When news of the imminent return of high school sports broke, the mood inside Mount Carmel High School changed.
“The spirit at the school just picked up immediately,” Mount Carmel athletic director Dan LaCount said.
Within days, athletic teams were beginning their contact days in preparation for abbreviated seasons this spring and summer. The news ignited a scheduling frenzy across the state in all sports. Contingency plans prepared throughout the summer and fall kicked into motion.
Schools are allowed to play games against opponents within their health regions, within their conferences or within a 30-mile radius. For football, a six-week season beginning with the first games on March 19 and ending on April 24 provides enough time for six games.
While the shortened season allows some opportunities to get creative with scheduling, the CCL/ESCC is keeping its schedule as close to normal as possible.
In central Illinois, the Big 12 Conference added Quincy Notre Dame for football only, giving the conference 12 teams. With three division of four teams, each school will play a round-robin against its division opponents, followed by a playoff over three weeks, with additional matchups for every team in the conference.
Friday Night Drive’s Steve Soucie speculated that the CCL/ESCC already had the mechanisms in place to do something similar, but that will not happen. The merged football conference between the Chicago Catholic League and the East Suburban Catholic Conference competed in its first season in 2019, with 24 schools split into six divisions of four teams. As part of the agreement, the conference’s divisions can realign every two years to provide the most parity among the divisions.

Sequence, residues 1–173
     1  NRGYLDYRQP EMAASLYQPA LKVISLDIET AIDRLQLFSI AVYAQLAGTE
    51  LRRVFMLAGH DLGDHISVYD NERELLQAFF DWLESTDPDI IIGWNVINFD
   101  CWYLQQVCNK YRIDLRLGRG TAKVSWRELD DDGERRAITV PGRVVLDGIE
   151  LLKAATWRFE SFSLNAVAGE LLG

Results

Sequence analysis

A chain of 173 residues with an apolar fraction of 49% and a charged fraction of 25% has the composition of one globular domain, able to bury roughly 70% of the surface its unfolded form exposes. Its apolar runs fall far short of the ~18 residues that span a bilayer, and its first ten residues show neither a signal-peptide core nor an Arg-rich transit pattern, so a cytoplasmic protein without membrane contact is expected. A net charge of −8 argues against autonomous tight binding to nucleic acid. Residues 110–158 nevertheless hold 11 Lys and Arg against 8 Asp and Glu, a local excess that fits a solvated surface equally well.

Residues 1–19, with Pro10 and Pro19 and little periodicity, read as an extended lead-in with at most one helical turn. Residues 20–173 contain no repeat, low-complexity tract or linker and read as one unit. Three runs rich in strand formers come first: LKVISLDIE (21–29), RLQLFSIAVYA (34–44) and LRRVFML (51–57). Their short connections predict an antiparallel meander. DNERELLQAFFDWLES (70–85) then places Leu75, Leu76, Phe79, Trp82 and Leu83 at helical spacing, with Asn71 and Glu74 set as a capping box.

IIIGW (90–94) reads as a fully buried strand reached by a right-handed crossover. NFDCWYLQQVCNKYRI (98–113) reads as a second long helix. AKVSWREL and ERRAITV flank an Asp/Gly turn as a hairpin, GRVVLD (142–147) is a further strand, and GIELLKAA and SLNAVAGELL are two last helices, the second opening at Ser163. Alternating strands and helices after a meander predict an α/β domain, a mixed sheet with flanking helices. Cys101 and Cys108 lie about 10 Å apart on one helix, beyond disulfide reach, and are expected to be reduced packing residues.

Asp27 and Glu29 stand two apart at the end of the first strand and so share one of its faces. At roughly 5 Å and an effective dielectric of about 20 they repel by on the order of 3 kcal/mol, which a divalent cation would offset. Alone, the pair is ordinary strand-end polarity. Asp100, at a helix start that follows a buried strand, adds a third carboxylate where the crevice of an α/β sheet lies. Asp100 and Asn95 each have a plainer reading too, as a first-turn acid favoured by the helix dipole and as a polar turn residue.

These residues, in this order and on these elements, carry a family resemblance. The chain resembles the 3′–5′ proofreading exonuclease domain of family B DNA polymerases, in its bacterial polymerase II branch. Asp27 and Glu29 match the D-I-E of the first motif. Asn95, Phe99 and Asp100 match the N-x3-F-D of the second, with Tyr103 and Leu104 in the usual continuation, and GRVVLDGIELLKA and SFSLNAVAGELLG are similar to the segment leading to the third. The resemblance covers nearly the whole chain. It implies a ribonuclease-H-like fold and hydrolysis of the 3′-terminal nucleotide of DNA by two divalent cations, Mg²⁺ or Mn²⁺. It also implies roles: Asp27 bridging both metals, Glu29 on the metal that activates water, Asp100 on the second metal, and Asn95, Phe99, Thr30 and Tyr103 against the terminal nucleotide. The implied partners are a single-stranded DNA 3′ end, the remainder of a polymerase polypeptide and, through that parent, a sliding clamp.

The conference has a formula it uses based on enrollment, football participation numbers, and performance from the previous two seasons to make any changes to the division alignment and schedule. LaCount said that because performance plays a part in the formula, it made the most sense to keep the schedule as similar as possible to what all the schools agreed upon when the conference formed.
“What we wanted to do was try to stay to the model that we have so that we can use this data for next year to change up the schedule,” LaCount said. “We did look at other options. Five games and a ‘Super Bowl’ weekend or whatever, but as a league we decided to stick with what we had and hopefully get the games in so that we can refresh the schedule next year.”
This spring, member schools will play all three division opponents, as well as three crossover games with opponents in other divisions. During a normal nine-game season, CCL/ESCC teams play three division games, four crossover games and have two additional nonconference games – with which schools are free to schedule whomever they’d like. With a six-game season in spring 2021, the two nonconference games and one crossover game were eliminated.
The conference scheduling committee tried its best to eliminate crossover games that presented the most imbalance between opponents.
“When we went into this league with CCL and the ESCC together, we knew that there were going to be some of those lopsided games,” LaCount said. “But we also knew that each year, every school was going to have some really good, competitive games. But we did try to eliminate those [lopsided games] as best we could. That’s been our formula for these years.”
Travel didn’t play too much of a factor. All health regions in the state have now moved into Phase 4 of the Restore Illinois plan. Given that all 24 schools are conference members, they are allowed to play each other regardless of which health regions they are located in.
“Given our conference, long trips are inevitable,” St. Viator football coach and assistant athletic director Dave Archibald said. “They’re built in. When you go from Chicago Heights to Mundelein to Woodstock, travel’s going to be involved no matter what. It’s part of our league. But part of the greatness of our league is that we get to play such great competition from all over Chicagoland.”
LaCount said the CCL/ESCC will also do its best to help schools reschedule should an opponent have to drop a game because of COVID-19 protocols.
After all these months, schools are simply happy to have games on the schedule.
“We’re certainly thrilled about the prospect for football and it seems much more likely now than it did even just weeks ago,” Archibald said.